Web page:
Strong motivation to seek help. The OCD’er is panicked over is violent thoughts and desperately wants to be rid of them. By contrast, a truly violent person likes to feel violent and doesn’t want to feel any other way. I have not yet had a truly violent person come to me wanting help with violent thoughts so they don’t carry them out.
I had one homicidal person, but they very much wanted to feel that way, and there was nothing I could do to talk them out of it. The whole problem with this sort of thing is that the people who are actually going to carry out violent and sexual offenses, the people who are really going to do these things – well, they never show up. Instead the only ones clinicians see are the people who are never going to act on any of this stuff.
Resistance. I would add this one to the list. Violent thoughts often provoke furious resistance in an attempt to keep them out of the head. In contrast, someone who is actually going to carry out an unprovoked act of violence against an innocent person spends little if any time resisting thoughts. One Harm OCD’er was afraid he was a serial killer, but he had never committed any violent acts along those lines.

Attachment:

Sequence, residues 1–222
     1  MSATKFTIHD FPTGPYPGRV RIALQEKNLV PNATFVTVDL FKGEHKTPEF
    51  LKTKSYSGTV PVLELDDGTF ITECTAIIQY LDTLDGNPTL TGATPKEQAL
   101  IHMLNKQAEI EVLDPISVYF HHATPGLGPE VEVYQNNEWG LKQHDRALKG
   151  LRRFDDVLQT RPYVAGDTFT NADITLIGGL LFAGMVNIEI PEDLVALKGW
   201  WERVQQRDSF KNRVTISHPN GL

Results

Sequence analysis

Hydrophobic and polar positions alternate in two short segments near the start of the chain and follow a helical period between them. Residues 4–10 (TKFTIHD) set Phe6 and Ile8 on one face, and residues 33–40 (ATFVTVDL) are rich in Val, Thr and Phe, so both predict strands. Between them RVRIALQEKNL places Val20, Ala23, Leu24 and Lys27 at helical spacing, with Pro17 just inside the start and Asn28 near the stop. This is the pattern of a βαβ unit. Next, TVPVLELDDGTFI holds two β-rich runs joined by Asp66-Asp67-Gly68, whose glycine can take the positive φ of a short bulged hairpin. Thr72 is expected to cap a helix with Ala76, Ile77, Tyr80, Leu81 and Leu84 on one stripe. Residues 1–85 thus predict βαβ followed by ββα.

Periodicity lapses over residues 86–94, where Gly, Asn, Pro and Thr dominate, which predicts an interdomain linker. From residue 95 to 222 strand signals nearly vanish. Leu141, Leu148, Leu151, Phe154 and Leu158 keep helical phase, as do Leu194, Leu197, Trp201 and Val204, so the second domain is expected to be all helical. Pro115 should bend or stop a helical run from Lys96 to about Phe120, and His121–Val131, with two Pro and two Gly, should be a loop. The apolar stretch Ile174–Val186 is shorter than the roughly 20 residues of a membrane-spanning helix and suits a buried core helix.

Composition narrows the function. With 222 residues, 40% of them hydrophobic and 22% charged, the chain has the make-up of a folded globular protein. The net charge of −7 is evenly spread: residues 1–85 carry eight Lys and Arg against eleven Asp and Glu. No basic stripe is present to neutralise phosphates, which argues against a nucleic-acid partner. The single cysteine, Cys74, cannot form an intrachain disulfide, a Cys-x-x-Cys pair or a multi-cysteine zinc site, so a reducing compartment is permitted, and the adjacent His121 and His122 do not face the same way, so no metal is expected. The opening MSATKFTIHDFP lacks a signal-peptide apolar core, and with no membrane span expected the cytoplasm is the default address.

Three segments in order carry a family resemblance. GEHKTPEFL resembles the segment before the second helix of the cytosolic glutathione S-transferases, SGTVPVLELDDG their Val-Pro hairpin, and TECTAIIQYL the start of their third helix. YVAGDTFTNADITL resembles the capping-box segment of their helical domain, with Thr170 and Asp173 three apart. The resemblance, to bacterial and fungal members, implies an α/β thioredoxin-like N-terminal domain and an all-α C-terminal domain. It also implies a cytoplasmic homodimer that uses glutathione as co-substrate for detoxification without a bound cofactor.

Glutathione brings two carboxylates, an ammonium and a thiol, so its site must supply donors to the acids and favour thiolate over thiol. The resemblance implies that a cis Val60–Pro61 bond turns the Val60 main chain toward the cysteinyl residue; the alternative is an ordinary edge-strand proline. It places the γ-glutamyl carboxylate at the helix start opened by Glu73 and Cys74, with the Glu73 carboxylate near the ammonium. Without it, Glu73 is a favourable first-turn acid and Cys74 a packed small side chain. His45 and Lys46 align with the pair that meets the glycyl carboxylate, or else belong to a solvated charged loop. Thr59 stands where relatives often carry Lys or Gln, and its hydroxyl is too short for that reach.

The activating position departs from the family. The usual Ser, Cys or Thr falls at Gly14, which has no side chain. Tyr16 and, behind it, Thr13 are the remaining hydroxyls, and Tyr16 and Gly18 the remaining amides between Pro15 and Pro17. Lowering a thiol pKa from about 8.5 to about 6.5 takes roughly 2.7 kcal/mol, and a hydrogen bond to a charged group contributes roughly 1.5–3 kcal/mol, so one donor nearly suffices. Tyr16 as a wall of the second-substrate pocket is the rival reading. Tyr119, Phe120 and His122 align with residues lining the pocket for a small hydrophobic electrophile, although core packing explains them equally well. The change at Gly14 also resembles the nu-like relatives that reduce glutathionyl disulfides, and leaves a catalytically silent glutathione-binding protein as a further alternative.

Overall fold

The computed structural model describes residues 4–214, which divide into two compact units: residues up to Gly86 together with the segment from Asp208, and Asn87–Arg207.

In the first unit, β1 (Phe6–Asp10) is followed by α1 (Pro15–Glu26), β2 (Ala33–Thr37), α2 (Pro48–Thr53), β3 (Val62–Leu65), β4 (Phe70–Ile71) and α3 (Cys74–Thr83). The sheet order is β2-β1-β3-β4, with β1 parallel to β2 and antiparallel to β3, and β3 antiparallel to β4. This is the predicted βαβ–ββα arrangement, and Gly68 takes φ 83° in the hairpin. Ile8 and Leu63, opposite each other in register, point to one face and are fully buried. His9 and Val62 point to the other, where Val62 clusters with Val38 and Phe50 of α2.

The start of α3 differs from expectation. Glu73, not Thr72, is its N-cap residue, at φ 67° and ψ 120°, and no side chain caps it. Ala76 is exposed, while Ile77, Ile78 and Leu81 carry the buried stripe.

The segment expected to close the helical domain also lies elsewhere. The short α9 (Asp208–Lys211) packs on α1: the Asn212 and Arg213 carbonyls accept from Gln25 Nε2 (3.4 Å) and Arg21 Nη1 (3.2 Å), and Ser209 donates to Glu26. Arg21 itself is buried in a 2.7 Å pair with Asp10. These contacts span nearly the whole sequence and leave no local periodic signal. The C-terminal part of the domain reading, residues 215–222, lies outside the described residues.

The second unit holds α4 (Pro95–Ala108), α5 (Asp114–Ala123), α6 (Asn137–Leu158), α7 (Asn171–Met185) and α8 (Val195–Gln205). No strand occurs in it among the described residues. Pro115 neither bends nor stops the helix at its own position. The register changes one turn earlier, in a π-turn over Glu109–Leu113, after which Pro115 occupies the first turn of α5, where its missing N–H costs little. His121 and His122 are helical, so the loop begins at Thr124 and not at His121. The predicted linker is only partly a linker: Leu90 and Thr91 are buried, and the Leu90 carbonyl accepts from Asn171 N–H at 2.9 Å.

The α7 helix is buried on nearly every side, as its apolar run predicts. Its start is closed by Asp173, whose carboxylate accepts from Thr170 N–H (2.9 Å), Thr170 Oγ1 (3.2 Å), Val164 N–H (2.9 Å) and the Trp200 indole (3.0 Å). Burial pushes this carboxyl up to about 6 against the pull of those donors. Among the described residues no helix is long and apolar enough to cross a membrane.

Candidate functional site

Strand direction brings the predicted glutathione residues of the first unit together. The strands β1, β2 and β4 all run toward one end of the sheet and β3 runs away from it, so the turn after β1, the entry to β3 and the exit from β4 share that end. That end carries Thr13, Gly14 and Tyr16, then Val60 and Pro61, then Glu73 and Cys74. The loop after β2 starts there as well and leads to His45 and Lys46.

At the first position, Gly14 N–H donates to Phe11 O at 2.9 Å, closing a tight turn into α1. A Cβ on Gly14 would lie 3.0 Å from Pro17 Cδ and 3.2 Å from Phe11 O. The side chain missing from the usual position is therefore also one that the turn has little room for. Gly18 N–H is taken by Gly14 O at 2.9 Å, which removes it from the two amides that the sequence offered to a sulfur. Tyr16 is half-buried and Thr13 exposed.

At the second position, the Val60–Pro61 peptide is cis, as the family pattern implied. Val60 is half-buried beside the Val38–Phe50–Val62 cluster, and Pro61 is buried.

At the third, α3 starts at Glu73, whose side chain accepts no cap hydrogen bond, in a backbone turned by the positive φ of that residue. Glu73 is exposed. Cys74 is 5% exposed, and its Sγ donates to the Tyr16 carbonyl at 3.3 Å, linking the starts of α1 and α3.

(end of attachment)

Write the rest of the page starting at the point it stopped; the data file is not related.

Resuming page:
He asked his therapist, “What about a person who actually does these things? Do they ever try to stop the thoughts?”
“Not even once.”
“No, not even once, of course not.”
So resistance or the lack of it really is a good marker for OCD versus something else.
Therapists often make OCD worse in various ways. Here are some of the ways that they can make it worse.
Examples of patients’ comments regarding their assessments
‘He gave me a differential diagnosis which made me panic as it increased my doubts about whether I did have OCD.’
‘She said that, to be on the safe side, it would be better if I avoided working with children until I had received treatment.’
‘He said SSRI’s might reduce my sexual urges so I assumed he must think there was a problem.’
‘She said I was unlikely to act out any urges but she was still obliged to notify Social Services.’
‘He implied I might have an unconscious wish to stab my baby.’
‘He said it was extremely rare for such thoughts to mean that someone was dangerous, but if I was still worried, I could go for a specialist assessment at the sexual offenders unit.’
‘She said it was very rare for this type of violent thought to lead people to act on it, but “as you obviously have a problem dealing with anger, then therapy would be a good idea”.’
There is no point in saying any of these things, and I try very hard not to make OCD’ers worse when I deal with them.
- Veale, David; Freeston, Mark; Krebs, Georgina; Heyman, Isobel and Salkovskis, Paul. 2009. Risk Assessment and Management in Obsessive–compulsive Disorder. Advances in Psychiatric Treatment 15: 332-343